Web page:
My conclusions from the three Chalmers investigations are:
The first conclusion is that maximum thickness of the bulb must be placed well back from maximum thickness of the fin. Otherwise an extended lowpressure area is generated on the suction side (with contributions from both the bulb and the fin) that causes flow separation. Loss of lift is obtained and a really bad keel from the hydrodynamic point of view is obtained. Two T-keel designs were investigated, one with coinciding maximum thicknesses of the bulb and fin and one with maximum bulb thickness behind the rear end of the fin. The results clearly showed that the second one was best.
The second conclusion is the a flat bottom with sharp edges (chines) of the bulb is not a competitive design. A optimization was peformed where the shape of the bulb was allowed to vary from flat bottom (with sharp edges) to rounded. Rounded showed higher performance.
The Chalmers investigations were performed about 2 years ago, the results are public and should be known by serious designers (especially as Lars Larsson was the supervisor). Fixed keel design for recent custom yachts do not show an impact of this and my personal conclusion is that keel design is an ad hoc thing.
After looking better at it I found some more interesting stuff.
As you know they have made the fin keel in lead while all others are made of cast Iron (for the same RM and draft). This of course creates a problem because being of lead allows it to have a much smaller volume and less drag and they make clear that this one is only used for comparison purposes but they use it anyway comparatively with the others and that allows us some surprising results:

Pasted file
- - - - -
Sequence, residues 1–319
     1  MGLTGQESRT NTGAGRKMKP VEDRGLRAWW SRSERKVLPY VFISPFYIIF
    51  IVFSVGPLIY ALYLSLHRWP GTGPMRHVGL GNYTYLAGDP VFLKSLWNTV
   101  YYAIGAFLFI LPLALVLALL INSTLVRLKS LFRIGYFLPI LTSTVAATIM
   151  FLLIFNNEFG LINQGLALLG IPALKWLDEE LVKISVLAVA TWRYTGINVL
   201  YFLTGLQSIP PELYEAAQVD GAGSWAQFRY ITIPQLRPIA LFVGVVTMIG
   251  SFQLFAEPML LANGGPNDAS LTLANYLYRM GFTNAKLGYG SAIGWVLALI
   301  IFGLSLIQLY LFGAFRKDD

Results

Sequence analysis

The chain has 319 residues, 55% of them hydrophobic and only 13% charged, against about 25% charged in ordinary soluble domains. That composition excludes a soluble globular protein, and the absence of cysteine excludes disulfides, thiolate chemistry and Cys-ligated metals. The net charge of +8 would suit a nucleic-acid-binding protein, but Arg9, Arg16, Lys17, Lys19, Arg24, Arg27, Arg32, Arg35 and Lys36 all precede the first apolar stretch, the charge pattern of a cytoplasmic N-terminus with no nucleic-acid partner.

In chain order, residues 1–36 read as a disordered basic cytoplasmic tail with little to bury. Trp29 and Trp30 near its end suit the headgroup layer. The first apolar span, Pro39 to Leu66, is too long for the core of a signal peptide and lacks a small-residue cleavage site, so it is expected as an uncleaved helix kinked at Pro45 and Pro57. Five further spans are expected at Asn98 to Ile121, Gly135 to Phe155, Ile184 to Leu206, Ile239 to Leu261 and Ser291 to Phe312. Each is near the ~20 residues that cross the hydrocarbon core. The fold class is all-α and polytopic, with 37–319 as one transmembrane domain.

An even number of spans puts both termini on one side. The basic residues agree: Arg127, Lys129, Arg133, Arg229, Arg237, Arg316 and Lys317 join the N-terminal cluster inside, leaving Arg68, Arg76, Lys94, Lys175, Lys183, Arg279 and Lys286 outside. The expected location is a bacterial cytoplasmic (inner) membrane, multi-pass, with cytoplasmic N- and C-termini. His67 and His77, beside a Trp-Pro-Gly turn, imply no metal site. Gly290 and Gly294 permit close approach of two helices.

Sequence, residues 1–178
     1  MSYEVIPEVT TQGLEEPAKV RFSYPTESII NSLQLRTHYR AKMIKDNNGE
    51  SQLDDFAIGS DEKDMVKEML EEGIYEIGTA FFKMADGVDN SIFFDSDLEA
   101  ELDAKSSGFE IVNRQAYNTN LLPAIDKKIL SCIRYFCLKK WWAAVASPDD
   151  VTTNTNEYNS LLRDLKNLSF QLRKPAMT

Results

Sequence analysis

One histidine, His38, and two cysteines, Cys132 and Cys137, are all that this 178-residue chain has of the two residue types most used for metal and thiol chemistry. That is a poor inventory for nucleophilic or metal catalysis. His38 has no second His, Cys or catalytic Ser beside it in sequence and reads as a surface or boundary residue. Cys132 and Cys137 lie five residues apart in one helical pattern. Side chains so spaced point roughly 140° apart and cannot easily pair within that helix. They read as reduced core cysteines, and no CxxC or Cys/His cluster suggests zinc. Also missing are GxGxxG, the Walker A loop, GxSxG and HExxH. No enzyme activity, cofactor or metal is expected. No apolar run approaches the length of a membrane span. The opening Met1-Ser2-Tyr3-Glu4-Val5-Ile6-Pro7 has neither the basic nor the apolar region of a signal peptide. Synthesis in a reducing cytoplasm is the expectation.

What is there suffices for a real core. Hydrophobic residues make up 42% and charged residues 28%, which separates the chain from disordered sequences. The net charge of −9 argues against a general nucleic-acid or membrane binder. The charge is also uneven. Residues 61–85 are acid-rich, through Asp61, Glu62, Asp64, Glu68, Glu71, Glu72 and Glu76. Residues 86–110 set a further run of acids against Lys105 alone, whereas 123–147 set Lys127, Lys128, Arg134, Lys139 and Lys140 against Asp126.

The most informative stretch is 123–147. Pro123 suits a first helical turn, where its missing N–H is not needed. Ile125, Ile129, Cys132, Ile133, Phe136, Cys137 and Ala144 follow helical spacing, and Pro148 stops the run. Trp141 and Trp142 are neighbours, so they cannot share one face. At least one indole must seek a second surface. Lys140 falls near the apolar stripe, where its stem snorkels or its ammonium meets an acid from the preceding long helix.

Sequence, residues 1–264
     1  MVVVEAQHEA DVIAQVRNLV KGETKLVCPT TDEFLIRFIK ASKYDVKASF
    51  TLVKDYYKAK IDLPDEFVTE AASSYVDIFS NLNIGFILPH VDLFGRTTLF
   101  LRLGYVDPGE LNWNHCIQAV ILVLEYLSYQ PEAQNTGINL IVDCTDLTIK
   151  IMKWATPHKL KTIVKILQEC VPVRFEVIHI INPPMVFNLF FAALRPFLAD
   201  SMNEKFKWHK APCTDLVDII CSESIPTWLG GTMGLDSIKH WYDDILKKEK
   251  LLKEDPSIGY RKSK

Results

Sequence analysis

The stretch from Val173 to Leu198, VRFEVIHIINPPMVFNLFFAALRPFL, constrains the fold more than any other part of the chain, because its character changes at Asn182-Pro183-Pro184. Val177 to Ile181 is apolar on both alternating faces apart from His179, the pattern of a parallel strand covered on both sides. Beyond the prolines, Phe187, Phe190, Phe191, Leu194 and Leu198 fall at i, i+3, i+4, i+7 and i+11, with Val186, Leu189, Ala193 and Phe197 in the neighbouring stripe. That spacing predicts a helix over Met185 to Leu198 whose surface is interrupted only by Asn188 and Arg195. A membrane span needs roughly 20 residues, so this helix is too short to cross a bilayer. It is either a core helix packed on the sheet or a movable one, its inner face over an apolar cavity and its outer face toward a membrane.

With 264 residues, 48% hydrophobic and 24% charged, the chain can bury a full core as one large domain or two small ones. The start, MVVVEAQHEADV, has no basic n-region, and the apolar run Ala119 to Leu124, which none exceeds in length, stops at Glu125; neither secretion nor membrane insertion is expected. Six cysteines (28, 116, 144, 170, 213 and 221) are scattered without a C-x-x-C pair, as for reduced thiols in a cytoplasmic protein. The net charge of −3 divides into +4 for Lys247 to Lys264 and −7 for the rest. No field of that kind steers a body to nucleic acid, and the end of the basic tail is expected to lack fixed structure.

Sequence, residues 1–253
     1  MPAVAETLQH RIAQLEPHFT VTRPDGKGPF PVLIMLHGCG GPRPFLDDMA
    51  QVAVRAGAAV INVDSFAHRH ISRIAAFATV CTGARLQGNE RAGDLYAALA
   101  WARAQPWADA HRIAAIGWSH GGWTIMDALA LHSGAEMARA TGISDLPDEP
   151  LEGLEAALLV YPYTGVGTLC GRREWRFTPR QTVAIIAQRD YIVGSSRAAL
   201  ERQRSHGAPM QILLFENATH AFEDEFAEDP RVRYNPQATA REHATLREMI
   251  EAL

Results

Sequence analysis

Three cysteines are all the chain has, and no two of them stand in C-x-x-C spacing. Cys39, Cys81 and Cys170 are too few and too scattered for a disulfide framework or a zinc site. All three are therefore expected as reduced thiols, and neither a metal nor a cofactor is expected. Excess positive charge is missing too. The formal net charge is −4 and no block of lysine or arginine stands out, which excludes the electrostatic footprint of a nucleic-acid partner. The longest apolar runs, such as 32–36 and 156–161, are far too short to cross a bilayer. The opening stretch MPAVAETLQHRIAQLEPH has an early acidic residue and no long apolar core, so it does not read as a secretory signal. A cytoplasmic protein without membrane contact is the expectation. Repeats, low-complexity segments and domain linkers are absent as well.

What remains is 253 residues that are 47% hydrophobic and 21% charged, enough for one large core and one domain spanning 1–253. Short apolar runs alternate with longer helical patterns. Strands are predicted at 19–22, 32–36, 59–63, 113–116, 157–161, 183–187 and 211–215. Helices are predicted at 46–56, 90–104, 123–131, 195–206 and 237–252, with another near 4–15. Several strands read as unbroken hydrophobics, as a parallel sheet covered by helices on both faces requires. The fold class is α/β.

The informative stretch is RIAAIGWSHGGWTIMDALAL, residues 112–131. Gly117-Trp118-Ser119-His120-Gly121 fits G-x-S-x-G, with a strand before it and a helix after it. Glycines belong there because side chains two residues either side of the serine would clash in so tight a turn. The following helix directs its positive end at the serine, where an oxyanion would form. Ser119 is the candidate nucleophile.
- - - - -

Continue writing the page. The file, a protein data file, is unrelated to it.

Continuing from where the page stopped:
The Cast iron bulbed keel nº4 was the best performer, surprisingly even better that the lead fin keel that I thing everybody would thought would gave better results (because it was made of lead). Probably it has to do with the superior lift of the bulbed keel.
This is amazing and shows that an old designed lead fin keel, the type that was used on performance boats a decade ago has about the same hydrodynamic performance (or even worse) than a modern cast iron torpedo keel, the type that is used in some modern mass produced cruisers like the Hanse 415.
Of course if they have used a modern performance keel with the foil in steel and the bulb in lead, the performance would be much better in what regards drag.
But we are only talking about hydrodynamic performance since all keels had the same RM. In reality lead allows with the same drag of an Iron keel a much lower CG and that in fact counts a lot more.
The other interesting point related with the last one is that all keels had a very similar performance and the differences in time on the simulated race were really very small. Those differences are important in what regards racing but I don't think that they are meaningful in what regards cruising, even performance cruising.
They don't say that but it seems to me clear that the one that was clearly outperformed was the Fin keel (non bulbed). Regarding this one they did not even try to make an Iron fin because it would have to be so thick that it would have a huge drag.
But I really don't agree with that point in the methodology: If all keels were made of lead the proportion in what regards drag and lift would be the same as if all were made of Iron. Why use a lead fin when all others are iron? This introduces distortions in all study when comparing the bulbed Iron keels with a lead fin.
The more important conclusion we can take is that a fin non bulbed keel is clearly outperformed in all situations.
Fin non bulbed keels were and still are used in top boats on handicap races at high level not because they are efficient but because they permit to obtain better results in compensated time...and that is sad